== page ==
Monday, December 30, 2013

Tuxedo buffet

There's something... dapper about how the buffet came out. The white and dark wood almost feels tuxedo-ish, and the knobs are like cufflinks. Maybe I'm the only one with that take, but, well, suffice it to say that I'm quite pleased with this fellow.

Still needs knobs, of course. I had a few Anthropologie mercury glass ones from last year's Christmas stocking that I tried out, and liked, and so then I waited until the day after Christmas, and found, low and behold, some beach ball-striped mercury glass knobs marked down to $2.21 apiece. So, that meant I could get eight of 'em for $17-something instead of ninety-six damn dollars. Which is what they would've been not-on-sale. Cripes.

So, those will be on their way shortly, and then we can call this puppy done. As I mentioned before, I used Benjamin Moore's SmartPrime primer, and their Cabinet Coat paint in a color called Acadia White on the painted parts. I can't say enough good things about that combination-- so durable, with such a nice professional sheen. And it hides the grain really well, too, which is nice on painted pieces. 

I still have some rearranging to do on the wall behind the buffet, as I bought three giant, heavy mirrors for up there-- all antique, all varying degrees of shabby-- and neglected to provision myself with super heavy-duty hanging cable. My plan is for a mirror "collage" with all different shapes and sizes on that wall. Someday.

And now that this little project and holidays are over, I'm ready to sit still for just a minute, put all the decorations away, and officially launch myself (and our whole house) into the official Big Kahuna, the Epic Kitchen Renovation of 2014. The kitchen we (I) have planned and dreamed and envisioned since we bought this place. The kitchen that involves taking down a wall (oh goody), doing a ton of electrical work, laying ceramic tile, casting our own concrete countertops (I think) and sliding the cabinets into place one at a time, as my dad, who is doing the work pro bono (+ materials) can squeeze in the time to finish them between, y'know, actually taking real jobs from real customers that write checks.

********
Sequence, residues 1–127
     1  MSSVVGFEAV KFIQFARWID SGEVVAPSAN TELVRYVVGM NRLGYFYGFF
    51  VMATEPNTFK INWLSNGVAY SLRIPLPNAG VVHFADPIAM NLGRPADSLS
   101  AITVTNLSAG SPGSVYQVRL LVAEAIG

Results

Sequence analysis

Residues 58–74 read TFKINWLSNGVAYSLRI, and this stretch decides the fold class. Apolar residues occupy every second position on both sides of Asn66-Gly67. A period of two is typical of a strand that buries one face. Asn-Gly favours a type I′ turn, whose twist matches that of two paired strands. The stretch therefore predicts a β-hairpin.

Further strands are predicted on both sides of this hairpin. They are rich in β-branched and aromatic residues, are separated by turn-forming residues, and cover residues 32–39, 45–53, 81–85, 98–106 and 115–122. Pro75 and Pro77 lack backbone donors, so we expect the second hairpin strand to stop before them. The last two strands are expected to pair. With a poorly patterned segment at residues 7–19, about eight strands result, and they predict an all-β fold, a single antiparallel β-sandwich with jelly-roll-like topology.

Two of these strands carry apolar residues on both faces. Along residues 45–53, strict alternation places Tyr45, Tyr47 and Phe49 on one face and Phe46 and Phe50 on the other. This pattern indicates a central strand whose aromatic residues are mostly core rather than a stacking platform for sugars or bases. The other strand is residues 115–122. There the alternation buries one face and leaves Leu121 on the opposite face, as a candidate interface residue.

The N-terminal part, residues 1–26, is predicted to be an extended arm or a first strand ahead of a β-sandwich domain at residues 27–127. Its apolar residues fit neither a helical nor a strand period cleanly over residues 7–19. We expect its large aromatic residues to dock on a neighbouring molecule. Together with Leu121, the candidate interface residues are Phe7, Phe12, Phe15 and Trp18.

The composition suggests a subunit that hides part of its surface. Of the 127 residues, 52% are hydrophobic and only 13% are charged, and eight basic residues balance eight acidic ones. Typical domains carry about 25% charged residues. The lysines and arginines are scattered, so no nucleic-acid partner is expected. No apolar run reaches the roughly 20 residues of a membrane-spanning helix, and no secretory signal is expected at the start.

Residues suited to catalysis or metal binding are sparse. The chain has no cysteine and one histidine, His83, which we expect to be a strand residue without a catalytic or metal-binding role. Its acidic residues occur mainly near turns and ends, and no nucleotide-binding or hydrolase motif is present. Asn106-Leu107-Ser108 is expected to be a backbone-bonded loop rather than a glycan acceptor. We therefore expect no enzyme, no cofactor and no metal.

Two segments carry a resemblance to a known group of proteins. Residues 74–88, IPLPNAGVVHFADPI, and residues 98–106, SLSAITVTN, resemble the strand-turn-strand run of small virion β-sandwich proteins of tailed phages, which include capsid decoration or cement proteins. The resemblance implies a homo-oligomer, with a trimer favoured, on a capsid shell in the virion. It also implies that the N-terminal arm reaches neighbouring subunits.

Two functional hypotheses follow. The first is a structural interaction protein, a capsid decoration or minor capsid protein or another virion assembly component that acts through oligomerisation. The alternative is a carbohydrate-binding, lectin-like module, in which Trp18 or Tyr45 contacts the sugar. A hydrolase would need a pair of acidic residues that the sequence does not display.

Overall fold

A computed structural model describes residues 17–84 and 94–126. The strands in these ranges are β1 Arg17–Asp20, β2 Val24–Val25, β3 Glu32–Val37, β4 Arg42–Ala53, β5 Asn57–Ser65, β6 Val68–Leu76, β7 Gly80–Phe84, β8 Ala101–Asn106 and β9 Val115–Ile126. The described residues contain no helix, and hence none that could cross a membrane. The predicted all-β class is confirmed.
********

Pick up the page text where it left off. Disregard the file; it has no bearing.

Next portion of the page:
I am on the edge of my seat with excitement and terror. I am spending lots of time scrutinizing graph paper. I will be back here Friday with a run-down of our new floor plan, design, etc. In the meantime, I'm going to try to find a sink. Wish me luck!

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Friday, December 27, 2013

In the moment

Oh, it was wonderful. So good, and so wonderful. Last year, I think I was in some kind of PTSD blur-- we'd just put down Diesel, two days prior-- and I didn't pre-prep enough, and I'd barely slept in two days... so last year was a little frantic and forced, to be honest. 

But this year, there was free, clear, smooth sailing right into the teeth of the flurry-time. All month, I set aside a few hours Thursday nights (during Patrick's band rehearsal) to bake cookies, or make mushroom pastries, or make pumpkin garlic knot dough. I made cranberry sauce and chocolate cake on my birthday. The day of, I prepped carrots and parsnips to roast in the morning, and reheated soup for a light lunch, and assembled a big kale salad with craisins and apple and toasted pumpkin seeds, and then I handed the kitchen over to Patrick for two hours, and he made the mashed potatoes! I sat with my feet up and a glass of wine! I watched Delmer open his presents like a professional, on the living room rug! That was my favorite part-- the interlude between the madness and the madness, with the big meal and the long evening still ahead.